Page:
Ejection Port and Feed Ramps
The areas of the receiver that can produce identifiable marks for firearms identification are the ejection port and feed ramps. Ejection port marks on cartridge cases fired in Colt Model 1911 pistol slides are well recognized among examiners. Milling produces these marks in the gun.
For some firearms, the receiver or frame is stamped from sheet metal. It can be a flat sheet formed into a box as seen in the UZI submachine gun or two mirror-image pieces that fit together like a clamshell. In either case, some provision must be made for support of internal parts. Some support rails can be built into the stamping die so the rail becomes integral with the stamping; others require an index mark for adding a separate part later.
The .22 caliber Ruger Standard Auto pistol is a successful commercial product with a stamped frame. Two mirror-image half shells are stamped and joined with a weld. A separate trigger guard and latch bar help to stabilize the structure. The metal stock used for the stampings is of high quality. After welding, polishing, and finishing, the frame that started as two precision stampings has the same quality external appearance as a forged or investment cast frame.
Whether forged or cast, final forming operations (such as drilling holes for pins and screws) must still be performed. Today, this once tedious operation is performed on frames, receivers, and other large parts by CNC machining. At this stage, the gun part has an abundance of accurate index points. If the part has been CNC-processed all the way from a raw casting, the program will normally specify drilling as the last operation.
The operations and techniques discussed in this section are also used to make large parts (discussed in the low-stress part topic) that are not subjected to firing stress, including trigger guards and floorplates.
A slide is the reciprocating upper unit found on most modern semiautomatic handguns. It is kept closed for firing under spring pressure or by a locking mechanism and normally includes the bolt or breechblock. Many of the previously described machining techniques would be used in the construction of typical modern slides.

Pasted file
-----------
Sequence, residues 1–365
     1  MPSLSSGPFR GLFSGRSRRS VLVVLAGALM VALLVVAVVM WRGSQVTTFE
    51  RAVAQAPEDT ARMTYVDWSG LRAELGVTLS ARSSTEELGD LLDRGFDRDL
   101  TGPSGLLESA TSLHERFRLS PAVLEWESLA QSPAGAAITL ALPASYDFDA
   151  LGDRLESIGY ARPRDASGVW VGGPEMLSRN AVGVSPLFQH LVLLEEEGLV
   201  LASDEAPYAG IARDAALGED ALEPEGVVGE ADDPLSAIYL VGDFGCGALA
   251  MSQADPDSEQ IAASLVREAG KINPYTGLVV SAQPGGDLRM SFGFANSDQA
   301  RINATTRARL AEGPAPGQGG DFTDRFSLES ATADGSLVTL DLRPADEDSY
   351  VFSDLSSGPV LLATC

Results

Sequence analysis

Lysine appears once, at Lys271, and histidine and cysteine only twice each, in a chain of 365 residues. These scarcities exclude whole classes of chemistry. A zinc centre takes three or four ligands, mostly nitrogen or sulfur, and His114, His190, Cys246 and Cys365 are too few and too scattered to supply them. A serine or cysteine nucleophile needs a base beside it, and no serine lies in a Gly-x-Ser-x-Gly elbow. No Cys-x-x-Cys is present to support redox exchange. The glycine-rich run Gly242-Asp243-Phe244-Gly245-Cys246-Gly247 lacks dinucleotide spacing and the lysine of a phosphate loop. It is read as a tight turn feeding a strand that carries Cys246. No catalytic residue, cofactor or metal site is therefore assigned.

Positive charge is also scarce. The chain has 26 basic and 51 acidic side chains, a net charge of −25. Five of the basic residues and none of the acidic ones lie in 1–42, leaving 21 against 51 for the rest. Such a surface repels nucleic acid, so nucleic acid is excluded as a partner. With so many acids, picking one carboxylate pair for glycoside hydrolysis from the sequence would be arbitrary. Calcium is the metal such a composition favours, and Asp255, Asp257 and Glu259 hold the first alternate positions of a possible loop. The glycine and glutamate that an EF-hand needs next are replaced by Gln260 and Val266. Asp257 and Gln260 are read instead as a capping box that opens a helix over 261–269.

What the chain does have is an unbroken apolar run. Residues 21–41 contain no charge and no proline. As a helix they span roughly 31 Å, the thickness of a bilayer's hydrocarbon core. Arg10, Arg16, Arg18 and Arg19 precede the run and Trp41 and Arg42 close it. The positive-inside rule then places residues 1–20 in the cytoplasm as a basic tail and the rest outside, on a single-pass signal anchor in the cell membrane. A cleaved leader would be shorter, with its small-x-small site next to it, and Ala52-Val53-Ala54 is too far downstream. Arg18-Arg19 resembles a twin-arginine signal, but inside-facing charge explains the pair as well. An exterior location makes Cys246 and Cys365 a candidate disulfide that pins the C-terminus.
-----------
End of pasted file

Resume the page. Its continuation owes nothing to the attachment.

Bolts or Breechblocks
This component bears against the head of an unfired cartridge case and locks in the breech of a barrel prior to firing. The portion of the bolt or breechblock in immediate contact with the head of the cartridge during firing is called the breech face. The bolt, or breechblock, not only locks the weapon for firing, it shuttles cartridges in and out of the chamber. It also may leave unique microscopic marks on the heads of fired cartridge cases.
Revolver cylinder manufacture requires attention to three areas:
- Providing strength well in excess of that needed to contain the firing pressure of a standard cartridge
- Insuring that all chambers are precisely the same angular distance apart to consistently deliver the bullet into the barrel
- Insuring that indexing surfaces (those controlling rotation) are precise and durable
The first issue is handled largely with metallurgy and engineering. Strong alloys are used for powerful handguns. Some of the most powerful revolvers use special steels not normally found in small arms cylinders. Regardless of alloy, the cylinder begins as a forged bar made at the arms factory or specialty cylindrical stock. The latter can be ordered to precise size requirements, decreasing the amount of work in reducing the cylinder blank to final diameter and length. The other factors are dimensional including the distance between cylinders and the thickness of metal around each chamber. The designer must match these dimensions to the capabilities of the selected steel alloy.
Cylinder indexing and its effect on accuracy has always been a problem for revolver manufacturers. Until the last two decades, most indexing equipment that controlled the angular distance between chambers was accurate to only +/- 1 percent. This causes an increase in hand fitting required at assembly on a gun-to-gun basis. Today, modern computer-controlled drilling equipment has improved angular accuracy by at least an order of magnitude.